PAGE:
10 Steps to Clean Up Your Bad Business Online Reputation Today

Whether it’s looking a little neglected, or you just want to give your online profile a bit of a spring-clean: here are our ten quick tips to help spruce up your online reputation.

 

Step one: clean up and delete old content

It’s amazing just how much the internet can remember. It’s great for archiving and benchmarking our successes, but it can also highlight where we’ve let people down. After you’ve conducted your search, you might find that there’s a lot of out-of-date information or content that no longer aligns with your brand.

While you might think that your audience will be able to clearly identify out-of-date content, you should always assume that any content that is public could be a new customer’s first experience with your business. Whether that’s an old social post or a blog post buried in the archives - if there’s a potential for information in that post to cause confusion or reputational risk, it should be deleted. 

PRO TIP: Don’t forget to include your following and follower lists in this clean-up. Brands that might have aligned with your values in the past but no longer represent your brand now should be quietly unfriended. This goes for content that you’ve shared from other pages or guests on blogs and podcasts. 

Step two: lockdown problematic content

There are some things that you just can’t delete. Whether it’s someone else’s content or comments on your content that could be damaging to your reputation, this is where changing privacy settings can come in handy. 

If there’s something that you don’t want to be seen but can’t remove, try changing privacy settings. Comments can be removed or set to be hidden from anyone who isn’t already friends with the poster. While this doesn’t completely hide the issue (remember: the internet is forever!), it can limit the damage that can be done to your brand to a much smaller audience and allow you the space to address the issue more head-on.

Advocating for customers to complain privately can help protect their data as a customer and limit how far any reputational risk can spread.

PRO TIP: Settling up a tracker to keep tabs on all of the negative publicity about your business can help you take stock of what is still out there and what needs addressing.

Step three: deleting false reviews

Unfortunately, deleting the content of other people isn’t quite as simple as hitting a big red button. It’s likely that if there are bad reviews of your business online, they’re going to stick around.

There are, however, ways of limiting or removing false reviews or reviews that violate a website’s community guidelines. Review sites like Google, Yelp, and Facebook have systems in place to help you as a business challenge harmful reviews. These fail-safes are there to help you combat spam reviews, trolls posting fake reviews, or malicious reviews designed to manipulate the rating systems.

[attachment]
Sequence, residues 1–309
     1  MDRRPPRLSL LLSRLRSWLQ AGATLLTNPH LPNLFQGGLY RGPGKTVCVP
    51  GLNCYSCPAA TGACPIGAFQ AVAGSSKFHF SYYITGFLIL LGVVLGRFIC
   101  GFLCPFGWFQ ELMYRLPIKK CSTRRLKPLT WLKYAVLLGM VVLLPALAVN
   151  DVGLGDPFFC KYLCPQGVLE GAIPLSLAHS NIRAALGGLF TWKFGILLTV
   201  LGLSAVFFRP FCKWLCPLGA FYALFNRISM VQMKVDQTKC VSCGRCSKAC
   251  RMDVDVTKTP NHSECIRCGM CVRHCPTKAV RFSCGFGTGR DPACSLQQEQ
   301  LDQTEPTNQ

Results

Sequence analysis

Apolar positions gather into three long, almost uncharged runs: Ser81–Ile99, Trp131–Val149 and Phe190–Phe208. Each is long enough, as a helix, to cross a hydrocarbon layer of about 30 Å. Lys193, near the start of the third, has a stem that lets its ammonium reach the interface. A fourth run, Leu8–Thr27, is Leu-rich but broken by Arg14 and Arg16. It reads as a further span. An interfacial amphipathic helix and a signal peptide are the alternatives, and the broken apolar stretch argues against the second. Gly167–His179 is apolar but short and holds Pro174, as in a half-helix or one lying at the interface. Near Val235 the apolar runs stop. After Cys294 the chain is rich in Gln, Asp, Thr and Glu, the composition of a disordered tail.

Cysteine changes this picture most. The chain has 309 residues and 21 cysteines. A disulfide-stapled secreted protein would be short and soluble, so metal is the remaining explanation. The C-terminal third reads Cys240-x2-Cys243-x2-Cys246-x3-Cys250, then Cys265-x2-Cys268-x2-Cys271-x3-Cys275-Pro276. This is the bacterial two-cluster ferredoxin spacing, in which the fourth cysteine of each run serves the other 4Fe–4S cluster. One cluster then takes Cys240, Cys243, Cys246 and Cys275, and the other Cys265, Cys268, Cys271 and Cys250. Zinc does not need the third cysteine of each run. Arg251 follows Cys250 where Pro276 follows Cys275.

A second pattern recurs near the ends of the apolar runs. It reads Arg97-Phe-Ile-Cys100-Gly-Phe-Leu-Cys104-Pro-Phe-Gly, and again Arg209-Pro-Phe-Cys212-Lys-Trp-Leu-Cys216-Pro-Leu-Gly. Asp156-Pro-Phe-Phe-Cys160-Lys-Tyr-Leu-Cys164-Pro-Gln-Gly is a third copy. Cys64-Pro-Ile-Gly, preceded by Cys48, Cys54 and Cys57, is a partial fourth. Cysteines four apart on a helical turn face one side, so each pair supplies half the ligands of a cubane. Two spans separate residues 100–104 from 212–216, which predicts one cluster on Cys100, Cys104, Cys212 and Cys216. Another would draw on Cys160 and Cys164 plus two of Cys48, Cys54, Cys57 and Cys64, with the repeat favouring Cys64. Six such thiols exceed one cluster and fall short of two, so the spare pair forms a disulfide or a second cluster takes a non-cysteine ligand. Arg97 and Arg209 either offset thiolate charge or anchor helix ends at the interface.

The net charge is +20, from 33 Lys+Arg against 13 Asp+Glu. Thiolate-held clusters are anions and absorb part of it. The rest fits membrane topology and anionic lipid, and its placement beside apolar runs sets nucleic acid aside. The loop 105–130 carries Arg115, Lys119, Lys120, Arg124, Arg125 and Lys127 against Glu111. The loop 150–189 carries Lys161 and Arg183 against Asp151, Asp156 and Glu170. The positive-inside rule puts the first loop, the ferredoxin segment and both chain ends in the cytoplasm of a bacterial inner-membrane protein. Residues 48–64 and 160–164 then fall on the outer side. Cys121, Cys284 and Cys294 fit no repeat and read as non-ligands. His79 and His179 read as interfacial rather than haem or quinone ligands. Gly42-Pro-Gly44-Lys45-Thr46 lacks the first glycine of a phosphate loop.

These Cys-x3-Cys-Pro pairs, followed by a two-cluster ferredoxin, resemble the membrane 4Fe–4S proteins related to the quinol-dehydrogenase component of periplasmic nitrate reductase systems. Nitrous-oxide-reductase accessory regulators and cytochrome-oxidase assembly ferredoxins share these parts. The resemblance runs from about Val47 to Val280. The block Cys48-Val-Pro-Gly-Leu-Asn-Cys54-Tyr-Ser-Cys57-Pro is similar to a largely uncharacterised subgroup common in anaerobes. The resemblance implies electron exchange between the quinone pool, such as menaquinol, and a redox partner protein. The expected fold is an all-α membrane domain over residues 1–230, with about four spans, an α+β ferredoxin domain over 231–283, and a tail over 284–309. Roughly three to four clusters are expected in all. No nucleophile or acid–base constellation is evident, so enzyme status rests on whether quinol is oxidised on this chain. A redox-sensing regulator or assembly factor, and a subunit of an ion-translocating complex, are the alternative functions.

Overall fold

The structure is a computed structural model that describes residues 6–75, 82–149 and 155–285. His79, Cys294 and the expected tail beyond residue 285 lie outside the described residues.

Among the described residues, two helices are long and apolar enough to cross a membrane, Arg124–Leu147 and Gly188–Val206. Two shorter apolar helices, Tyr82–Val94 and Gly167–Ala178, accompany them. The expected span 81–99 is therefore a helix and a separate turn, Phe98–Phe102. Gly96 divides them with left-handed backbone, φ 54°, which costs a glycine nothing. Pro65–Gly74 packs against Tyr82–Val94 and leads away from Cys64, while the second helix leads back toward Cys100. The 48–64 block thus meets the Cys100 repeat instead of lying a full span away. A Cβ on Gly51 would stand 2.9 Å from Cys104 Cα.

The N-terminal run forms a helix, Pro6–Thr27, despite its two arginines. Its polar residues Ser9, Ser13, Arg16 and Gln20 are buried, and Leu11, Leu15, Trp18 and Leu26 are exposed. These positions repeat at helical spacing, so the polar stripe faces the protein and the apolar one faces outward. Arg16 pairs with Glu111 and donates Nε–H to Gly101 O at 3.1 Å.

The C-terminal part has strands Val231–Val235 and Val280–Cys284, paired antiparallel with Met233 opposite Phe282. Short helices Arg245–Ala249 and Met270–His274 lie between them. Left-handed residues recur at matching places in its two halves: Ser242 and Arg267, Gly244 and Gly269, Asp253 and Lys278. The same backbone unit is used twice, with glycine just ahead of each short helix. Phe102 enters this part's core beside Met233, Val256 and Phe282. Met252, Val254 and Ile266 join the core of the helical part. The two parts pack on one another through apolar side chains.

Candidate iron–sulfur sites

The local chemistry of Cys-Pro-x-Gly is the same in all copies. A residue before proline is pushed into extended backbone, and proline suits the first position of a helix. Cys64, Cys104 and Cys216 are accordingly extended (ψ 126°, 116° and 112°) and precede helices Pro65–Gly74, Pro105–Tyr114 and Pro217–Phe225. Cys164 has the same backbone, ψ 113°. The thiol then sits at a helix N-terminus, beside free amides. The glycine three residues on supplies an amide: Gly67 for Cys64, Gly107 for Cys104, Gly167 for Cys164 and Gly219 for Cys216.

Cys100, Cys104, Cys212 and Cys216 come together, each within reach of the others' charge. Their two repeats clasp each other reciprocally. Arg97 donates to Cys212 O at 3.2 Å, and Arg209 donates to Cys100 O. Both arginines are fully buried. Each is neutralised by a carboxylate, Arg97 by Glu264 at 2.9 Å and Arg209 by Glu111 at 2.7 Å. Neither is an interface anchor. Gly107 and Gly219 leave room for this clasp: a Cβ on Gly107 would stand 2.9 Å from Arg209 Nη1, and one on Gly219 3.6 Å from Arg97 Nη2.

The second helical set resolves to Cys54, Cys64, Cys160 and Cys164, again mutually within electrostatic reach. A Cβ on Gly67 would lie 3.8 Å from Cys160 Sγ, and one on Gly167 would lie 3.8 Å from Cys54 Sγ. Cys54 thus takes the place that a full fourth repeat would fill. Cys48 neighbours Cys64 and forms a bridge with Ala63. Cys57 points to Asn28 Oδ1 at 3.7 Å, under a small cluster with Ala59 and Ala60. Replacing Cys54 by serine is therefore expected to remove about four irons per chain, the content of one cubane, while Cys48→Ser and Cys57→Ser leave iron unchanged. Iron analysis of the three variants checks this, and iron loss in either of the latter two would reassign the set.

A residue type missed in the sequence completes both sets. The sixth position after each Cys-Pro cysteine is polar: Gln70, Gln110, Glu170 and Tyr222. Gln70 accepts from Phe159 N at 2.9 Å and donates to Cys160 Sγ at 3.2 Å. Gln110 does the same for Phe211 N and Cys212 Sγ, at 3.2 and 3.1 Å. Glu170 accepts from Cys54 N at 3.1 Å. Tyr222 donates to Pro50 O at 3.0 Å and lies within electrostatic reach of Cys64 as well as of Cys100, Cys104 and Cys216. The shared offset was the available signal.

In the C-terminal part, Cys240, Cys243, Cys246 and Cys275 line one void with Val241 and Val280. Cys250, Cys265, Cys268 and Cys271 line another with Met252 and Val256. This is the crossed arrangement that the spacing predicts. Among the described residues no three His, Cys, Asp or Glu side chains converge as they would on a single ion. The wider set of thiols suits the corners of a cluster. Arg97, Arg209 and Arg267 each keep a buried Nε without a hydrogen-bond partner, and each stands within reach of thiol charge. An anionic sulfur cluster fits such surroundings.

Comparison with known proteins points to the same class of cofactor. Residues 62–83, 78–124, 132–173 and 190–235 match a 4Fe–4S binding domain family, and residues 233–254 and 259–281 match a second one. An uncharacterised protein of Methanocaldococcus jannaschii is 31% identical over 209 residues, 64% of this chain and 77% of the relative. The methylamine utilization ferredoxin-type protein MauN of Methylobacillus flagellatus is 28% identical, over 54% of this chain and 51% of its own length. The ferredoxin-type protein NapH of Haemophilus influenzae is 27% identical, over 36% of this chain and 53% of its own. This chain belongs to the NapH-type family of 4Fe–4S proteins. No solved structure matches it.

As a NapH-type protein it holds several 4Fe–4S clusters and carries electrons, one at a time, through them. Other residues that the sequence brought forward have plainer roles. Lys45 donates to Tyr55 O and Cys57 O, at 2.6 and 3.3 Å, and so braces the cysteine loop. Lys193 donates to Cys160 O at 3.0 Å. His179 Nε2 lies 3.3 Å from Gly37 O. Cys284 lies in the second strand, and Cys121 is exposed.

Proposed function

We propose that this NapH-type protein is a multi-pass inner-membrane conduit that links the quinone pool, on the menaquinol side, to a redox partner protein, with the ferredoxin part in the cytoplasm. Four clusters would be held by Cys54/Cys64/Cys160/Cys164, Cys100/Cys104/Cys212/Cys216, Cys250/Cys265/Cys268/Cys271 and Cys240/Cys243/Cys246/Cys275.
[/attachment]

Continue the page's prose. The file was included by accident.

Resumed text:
Step four: responding to your critics

Step three isn’t going to protect you from genuine bad reviews and feedback online. Content that can’t be hidden or deleted should not be ignored. Nothing tells new customers that you don’t support your current customers faster than a load of unanswered comments. After all - your customers have taken the time out of their day to interact with your business. Shouldn’t you afford them the same?

Responding to comments and interactions, whether good or bad, is a good practice to build. If you were showcasing your business at an in-person event, you wouldn’t ignore potential customers, so why do the same online?

When dealing with feedback online, remember to:

  • Thank the poster for the time they’ve taken to get in touch
  • If it’s addressing a good experience, celebrate that!
  • If they’re sharing a bad experience, you can apologize, but don’t accept fault. Phrases like “We’re sorry that this has been your experience” are a great way of validating that this is what the customer perceived their experience to be without admitting that it is a fact.
  • Invite the person to share more information in a more private setting Phrasing like “We’d like to look into this further for you” or “we’d like a chance to put this right” shows that you’re taking the matter seriously. Inviting them to contact you directly prevents the matter from being open to outside scrutiny.

If bad feedback has been left about your business on a public forum like a blog, you can ask that the reviewer take that down. Reaching out to them directly and asking them for the opportunity to make it right can result in them updating the content with a more positive outcome or removing the content entirely!

PRO TIP: If you’re struggling with disgruntled customers putting you on blast, try to steer the conversation to a private arena. Encourage the customer to contact you privately, either through direct messaging or by emailing a customer support service. 

Step five: seek out positive reviews and experiences from new customers.

Asking new customers to share their positive experiences will help to bolster your online reputation. It’s not going to cover up the harmful content, but filling your feed with positive content can go a long way in changing the perception of your business online. Share case studies that highlight what you can do, respond to positive reviews and comments to improve engagement, and encourage people to share their favorite experiences of your business. 

It’s important, however, to read the room when it comes to this tactic. As with the case study of KFC, humor has its place, but there is a fine balancing act to undergo.